One of the most difficult parts of relocating to a new country with a family is finding the perfect school that suits your children’s needs, has a minimal commute and provides the ideal learning atmosphere. Below are answers to common queries from families new to the Beijing international school scene.
Q: My family and I just arrived in Beijing, and we are quite confused about how to go about finding the best school for our children. Any advice?
A: Schooling is the number one concern for most families moving to Beijing, and with the wide range of choices here it can be a very daunting one.
The best way to approach this is to look at your family priorities: budget, location, education goals.
First, your family’s budget is the number one consideration; there is no point in looking at schools you can’t afford. Second – location, location, location – think about commute times from school to home. Hours spent in transit can really take their toll. Third, consider specific curricula and language requirements. Finally, consider any other special considerations that might sway you – an active PTA, if your children require special needs, specific after school activities that you or your kids desire, the opportunity to learn Chinese, as well as the mix of local and international students.
A serial expatriate might stick with International Baccalaureate (IB) schools because they can be found in virtually every country, and for a family that frequently moves, the programs from school to school are relatively consistent, so children won’t fall behind when switching schools. A family on a two-year assignment with a 16-year-old might want to keep her within the same education system as their home country, so she can graduate at the same time as her friends. A family with younger children can afford the luxury of immersing their children in Mandarin-language programs or enrollment in a local school.
Like everything in life, there are exceptions to every case.
Q: Can you give me an overview of the different types of schools available in Beijing?
A: Most people would compare the IB system vs. the American system vs. the British system vs. bilingual curriculums, but I am going to take a slightly different approach using my own categories. The prices are included as a guide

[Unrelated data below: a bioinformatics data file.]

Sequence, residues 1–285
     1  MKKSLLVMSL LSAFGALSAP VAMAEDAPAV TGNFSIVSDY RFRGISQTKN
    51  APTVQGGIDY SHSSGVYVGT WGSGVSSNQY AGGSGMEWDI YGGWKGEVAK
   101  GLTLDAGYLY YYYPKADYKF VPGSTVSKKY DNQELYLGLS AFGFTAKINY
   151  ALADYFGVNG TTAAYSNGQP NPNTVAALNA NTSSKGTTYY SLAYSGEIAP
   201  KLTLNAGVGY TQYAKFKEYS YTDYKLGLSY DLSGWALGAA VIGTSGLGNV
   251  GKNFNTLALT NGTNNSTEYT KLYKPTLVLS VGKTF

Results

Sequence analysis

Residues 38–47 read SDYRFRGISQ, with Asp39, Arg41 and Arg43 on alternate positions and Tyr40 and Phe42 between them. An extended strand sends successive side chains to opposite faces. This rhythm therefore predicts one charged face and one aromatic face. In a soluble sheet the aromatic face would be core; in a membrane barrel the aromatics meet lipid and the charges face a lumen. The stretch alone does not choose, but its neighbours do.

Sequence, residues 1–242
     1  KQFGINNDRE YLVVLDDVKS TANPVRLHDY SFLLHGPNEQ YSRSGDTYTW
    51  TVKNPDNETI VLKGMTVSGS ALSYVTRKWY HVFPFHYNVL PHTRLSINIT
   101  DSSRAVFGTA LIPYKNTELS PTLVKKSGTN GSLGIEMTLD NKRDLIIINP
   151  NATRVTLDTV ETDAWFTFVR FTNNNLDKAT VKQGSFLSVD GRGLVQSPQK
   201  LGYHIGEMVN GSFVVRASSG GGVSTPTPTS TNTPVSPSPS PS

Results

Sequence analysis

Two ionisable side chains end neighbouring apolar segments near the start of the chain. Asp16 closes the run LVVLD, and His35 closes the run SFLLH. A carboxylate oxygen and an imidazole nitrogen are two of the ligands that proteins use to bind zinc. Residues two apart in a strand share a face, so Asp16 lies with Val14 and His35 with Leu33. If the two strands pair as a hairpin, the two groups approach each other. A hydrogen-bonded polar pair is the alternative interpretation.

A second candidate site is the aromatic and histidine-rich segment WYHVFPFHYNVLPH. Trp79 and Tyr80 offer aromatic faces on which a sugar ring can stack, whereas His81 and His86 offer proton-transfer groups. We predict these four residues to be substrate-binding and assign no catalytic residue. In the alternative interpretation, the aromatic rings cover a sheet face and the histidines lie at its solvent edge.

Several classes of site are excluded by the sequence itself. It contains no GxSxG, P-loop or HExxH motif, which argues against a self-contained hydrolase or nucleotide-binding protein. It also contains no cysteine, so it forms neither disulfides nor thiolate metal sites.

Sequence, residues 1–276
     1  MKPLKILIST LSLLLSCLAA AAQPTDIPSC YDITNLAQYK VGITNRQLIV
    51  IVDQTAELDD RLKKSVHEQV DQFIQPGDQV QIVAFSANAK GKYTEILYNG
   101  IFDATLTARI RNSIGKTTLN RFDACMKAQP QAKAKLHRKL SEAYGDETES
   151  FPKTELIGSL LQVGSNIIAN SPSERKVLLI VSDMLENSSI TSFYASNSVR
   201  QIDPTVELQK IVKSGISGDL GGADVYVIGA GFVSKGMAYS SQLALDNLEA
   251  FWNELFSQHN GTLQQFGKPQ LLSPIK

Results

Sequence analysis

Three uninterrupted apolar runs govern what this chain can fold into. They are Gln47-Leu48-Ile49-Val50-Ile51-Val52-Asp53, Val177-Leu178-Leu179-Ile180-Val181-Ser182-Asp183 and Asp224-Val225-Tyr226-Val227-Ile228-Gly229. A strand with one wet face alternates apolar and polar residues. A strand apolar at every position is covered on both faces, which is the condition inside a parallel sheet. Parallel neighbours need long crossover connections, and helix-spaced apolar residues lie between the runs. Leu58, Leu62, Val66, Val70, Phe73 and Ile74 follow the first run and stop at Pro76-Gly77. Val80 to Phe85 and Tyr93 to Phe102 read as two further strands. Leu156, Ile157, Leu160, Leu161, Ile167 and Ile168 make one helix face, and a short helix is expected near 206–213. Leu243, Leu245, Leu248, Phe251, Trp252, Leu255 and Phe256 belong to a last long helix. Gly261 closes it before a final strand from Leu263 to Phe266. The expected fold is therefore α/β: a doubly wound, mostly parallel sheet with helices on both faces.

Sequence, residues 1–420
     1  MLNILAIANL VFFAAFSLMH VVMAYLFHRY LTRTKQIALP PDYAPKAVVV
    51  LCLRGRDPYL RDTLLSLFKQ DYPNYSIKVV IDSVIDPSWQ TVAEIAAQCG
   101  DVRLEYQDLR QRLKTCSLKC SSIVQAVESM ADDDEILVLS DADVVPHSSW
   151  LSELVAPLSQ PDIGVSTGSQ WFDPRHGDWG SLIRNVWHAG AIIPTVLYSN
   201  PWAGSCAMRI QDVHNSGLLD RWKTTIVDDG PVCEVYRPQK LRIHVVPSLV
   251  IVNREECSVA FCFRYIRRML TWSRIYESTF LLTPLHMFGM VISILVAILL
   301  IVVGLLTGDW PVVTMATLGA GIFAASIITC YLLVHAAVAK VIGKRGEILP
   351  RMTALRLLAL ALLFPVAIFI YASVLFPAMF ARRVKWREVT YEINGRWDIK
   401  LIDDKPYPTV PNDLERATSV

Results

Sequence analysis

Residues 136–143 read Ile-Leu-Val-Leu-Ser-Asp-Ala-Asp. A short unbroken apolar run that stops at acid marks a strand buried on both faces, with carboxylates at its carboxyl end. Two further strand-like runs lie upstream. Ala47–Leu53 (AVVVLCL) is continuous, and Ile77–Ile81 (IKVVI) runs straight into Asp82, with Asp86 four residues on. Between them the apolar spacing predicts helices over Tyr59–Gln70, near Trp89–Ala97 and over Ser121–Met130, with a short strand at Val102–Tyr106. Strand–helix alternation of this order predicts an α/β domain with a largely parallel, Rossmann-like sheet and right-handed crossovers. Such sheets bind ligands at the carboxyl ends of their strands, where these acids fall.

The top-level international schools are the equivalent of the best schools in your home country – beautiful campuses, modern facilities, excellent international reputations. These schools often start at RMB 130,000 a year and up. Keep in mind, though, that if you were still residing in your home country, your kids might not have attended this sort of top-tier school – while it’s wonderful if they get the chance in Beijing, don’t feel they are “missing out” if your budget cannot accommodate the tuition.
Local international schools offer very good facilities (many are on brand-new purpose-built campuses), have special features (such as a specific curriculum or a bilingual option), and some local teaching assistants as well as the international accredited teachers. These schools start at RMB 80,000 per year or more, depending on the grade level and the school.
Local-private schools are local schools which charge a fee, enroll a percentage of foreign students, and often have a few native English speaking teachers for daily English classes. These schools tend to attract wealthier local middle-class families, mixed families, and expatriates who want to expose their children to more Mandarin and math, as well as excellent study skills. These schools average RMB 2,000 -5,000 per month.
Local-local schools are local government schools, some of which have a long history of accepting foreigners. At the kindergarten level, the price begins at RMB 300-1,000 per month, and at primary and secondary level, RMB 1,000 a month to 50,000 a year, depending upon the school and your visa status.
A special category is embassy schools, which teach the national curriculum of their country, and offer extensive discounts to passport holders, but are also open to non-passport holders.
Q: What if we can’t afford the more expensive international schools?
A: More and more families in Beijing are not choosing the most expensive schools. For some, it is because their company will not pay the education fees; for others, it is because they are looking for a different type of school.
You don’t have to replicate your home country’s schooling system. Many families take this opportunity to expose their children to a different curriculum style and/or to learn Mandarin. This is a unique opportunity for your whole family, and could give your child skills that will put them ahead when they return to your home country and boost their college applications.
Q: What other factors should we consider?
A: Don’t forget the big picture. You are not outsourcing the raising of your children to the school; the largest influence on their development will still be you, the parents. So while the ideal school might not be possible, the options here each have their benefits (and frustrations!), but at the end of the year, your child and your family will have had an enriching educational and cultural experience.
For more guidance, try:
1. School Choice International, an international company that assists with school placement all over the world and has a counselor in Beijing (www.schoolchoiceintl.com)
2. APA China, a Beijing-based company, has been assisting expatriates in China for over 15 years and offers a school search service for both international and local schools (www.apachina.com)
Jacqueline Renee Cohen wishes she had started to study Mandarin when she first moved to Asia in 1994. She has lived in Beijing since 2007, and recently started studying Mandarin 4 hours every morning. Her two toddlers attend a local all Mandarin kindergarten. To contact her, email BeijingWithKids@gmail.com or visit www.facebook.com/jaqatac